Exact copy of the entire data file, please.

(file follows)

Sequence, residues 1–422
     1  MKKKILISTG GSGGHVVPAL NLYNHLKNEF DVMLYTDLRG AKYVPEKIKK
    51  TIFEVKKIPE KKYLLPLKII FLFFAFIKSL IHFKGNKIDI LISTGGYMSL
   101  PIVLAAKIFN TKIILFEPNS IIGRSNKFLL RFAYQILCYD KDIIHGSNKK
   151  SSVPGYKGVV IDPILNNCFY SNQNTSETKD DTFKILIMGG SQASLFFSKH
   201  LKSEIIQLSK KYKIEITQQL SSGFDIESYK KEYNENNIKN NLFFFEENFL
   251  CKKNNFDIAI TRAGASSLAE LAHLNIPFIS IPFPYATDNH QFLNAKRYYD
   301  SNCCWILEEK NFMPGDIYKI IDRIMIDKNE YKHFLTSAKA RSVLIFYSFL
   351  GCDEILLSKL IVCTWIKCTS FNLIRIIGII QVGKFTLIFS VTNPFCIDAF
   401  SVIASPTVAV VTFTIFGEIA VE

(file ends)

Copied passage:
Sequence, residues 1–422
     1  MKKKILISTG GSGGHVVPAL NLYNHLKNEF DVMLYTDLRG AKYVPEKIKK
    51  TIFEVKKIPE KKYLLPLKII FLFFAFIKSL IHFKGNKIDI LISTGGYMSL
   101  PIVLAAKIFN TKIILFEPNS IIGRSNKFLL RFAYQILCYD KDIIHGSNKK
   151  SSVPGYKGVV IDPILNNCFY SNQNTSETKD DTFKILIMGG SQASLFFSKH
   201  LKSEIIQLSK KYKIEITQQL SSGFDIESYK KEYNENNIKN NLFFFEENFL
   251  CKKNNFDIAI TRAGASSLAE LAHLNIPFIS IPFPYATDNH QFLNAKRYYD
   301  SNCCWILEEK NFMPGDIYKI IDRIMIDKNE YKHFLTSAKA RSVLIFYSFL
   351  GCDEILLSKL IVCTWIKCTS FNLIRIIGII QVGKFTLIFS VTNPFCIDAF
   401  SVIASPTVAV VTFTIFGEIA VE